Dry Eye Disease in University-based Clinics in Canada: A Retrospective Chart Review Academic Article uri icon

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abstract

  • SIGNIFICANCE: Dry eye disease (DED) imposes a substantial burden on patients, which can lead to significant economic consequences for society. We provide insights into the DED patient population and DED diagnostic/management practices in Canada, which to date have been inadequately addressed in the literature. PURPOSE: The purpose of this study was to describe DED patient demographic/clinical characteristics alongside DED diagnosis/management in university-based optometry clinics in Canada. METHODS: This was a retrospective chart review of nonconcurrent non-Sjögren patients with DED at two university-based optometry clinics in Montreal and Waterloo. Waterloo charts with a diagnosis of DED and all charts from the Montreal dry eye clinic were considered for inclusion. RESULTS: Overall, 200 charts were reviewed. Most patients were female (Montreal, 76%; Waterloo, 72%), and the mean age was 57.2 ± 14.9 years at Montreal and 52.6 ± 20.1 years at Waterloo. Patients commonly reported multiple health conditions (e.g., allergies [Montreal, 44%; Waterloo, 36%]), and high use of systemic nonocular medications was observed (Montreal, 76%; Waterloo, 62%). Clinical signs and symptoms of DED were recorded more often in Montreal patients than in Waterloo patients (e.g., dryness symptoms, 100 vs. 72%; tear breakup time, 100 vs. 60%). Warm compresses (Montreal, 63%; Waterloo, 83%) and artificial tears (Montreal, 94%; Waterloo, 96%) were the most frequently recommended nonmedical treatment and ocular lubricant, respectively. Topical steroids were the most frequently prescribed medications (Montreal, 22%; Waterloo, 21%), with typically three to four different interventions recommended per patient at each clinic. No relationship was found between symptoms and clinical signs or recommended interventions. CONCLUSIONS: This retrospective chart review provided the demographics, clinical characteristics, diagnosis, and management options for DED patients in Canadian university-based optometry clinics. The more comprehensive assessments conducted at Montreal may be beneficial to better monitor the progression of DED and to determine treatment effects over time.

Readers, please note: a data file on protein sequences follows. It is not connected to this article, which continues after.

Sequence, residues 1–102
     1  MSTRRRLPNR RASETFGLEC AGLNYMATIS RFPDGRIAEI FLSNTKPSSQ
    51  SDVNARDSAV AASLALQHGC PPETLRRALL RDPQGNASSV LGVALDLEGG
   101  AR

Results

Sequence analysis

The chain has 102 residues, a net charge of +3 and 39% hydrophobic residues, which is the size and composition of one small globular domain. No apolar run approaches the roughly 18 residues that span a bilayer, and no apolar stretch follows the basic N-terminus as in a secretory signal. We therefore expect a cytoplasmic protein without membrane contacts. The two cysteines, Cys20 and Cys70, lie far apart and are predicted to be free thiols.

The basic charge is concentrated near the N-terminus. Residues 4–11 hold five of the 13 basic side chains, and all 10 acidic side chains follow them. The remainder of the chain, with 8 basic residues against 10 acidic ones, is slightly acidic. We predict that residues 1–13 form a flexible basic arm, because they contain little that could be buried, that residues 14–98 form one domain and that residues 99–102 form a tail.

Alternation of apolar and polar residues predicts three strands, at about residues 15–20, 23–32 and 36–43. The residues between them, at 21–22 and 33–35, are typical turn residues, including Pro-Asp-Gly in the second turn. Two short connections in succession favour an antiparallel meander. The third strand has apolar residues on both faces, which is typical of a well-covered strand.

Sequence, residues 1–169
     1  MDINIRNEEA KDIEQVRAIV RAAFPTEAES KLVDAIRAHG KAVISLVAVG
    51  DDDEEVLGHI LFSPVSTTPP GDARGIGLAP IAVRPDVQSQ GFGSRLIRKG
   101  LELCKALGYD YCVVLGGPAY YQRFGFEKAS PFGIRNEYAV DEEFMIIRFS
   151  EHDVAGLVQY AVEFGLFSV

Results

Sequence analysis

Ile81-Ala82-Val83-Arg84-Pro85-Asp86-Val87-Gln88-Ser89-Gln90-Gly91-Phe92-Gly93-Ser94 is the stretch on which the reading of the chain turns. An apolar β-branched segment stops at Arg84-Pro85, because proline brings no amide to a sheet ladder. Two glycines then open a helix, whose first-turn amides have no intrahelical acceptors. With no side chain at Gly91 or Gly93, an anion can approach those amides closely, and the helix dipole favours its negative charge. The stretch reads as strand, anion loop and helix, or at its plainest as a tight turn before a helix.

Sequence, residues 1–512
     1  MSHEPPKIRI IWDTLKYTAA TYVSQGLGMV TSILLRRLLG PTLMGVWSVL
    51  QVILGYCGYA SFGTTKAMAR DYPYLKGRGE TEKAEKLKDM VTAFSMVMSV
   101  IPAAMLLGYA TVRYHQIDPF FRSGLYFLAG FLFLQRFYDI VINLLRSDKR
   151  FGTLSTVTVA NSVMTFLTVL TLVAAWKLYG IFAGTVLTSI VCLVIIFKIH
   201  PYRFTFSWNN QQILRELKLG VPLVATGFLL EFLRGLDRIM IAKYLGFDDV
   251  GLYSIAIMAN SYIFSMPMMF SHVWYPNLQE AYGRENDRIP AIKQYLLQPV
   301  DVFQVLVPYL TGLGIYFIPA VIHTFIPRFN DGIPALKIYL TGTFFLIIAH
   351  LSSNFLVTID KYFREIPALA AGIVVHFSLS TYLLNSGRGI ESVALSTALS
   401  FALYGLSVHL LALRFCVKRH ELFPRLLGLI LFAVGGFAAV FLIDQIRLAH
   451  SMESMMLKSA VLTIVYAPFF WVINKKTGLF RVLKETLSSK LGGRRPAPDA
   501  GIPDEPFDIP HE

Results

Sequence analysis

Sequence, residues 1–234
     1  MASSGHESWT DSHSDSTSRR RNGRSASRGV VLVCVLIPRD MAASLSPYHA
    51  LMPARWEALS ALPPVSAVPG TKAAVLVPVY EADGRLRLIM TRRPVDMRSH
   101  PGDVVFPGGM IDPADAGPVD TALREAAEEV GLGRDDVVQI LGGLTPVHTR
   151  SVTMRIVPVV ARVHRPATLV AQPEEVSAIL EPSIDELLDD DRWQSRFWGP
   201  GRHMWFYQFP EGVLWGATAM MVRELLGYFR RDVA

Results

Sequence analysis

authors

  • Bitton, Etty
  • Elder, Marian
  • Srinivasan, Sruthi
  • Luensmann, Doerte
  • Jones, Lyndon

publication date

  • November 2020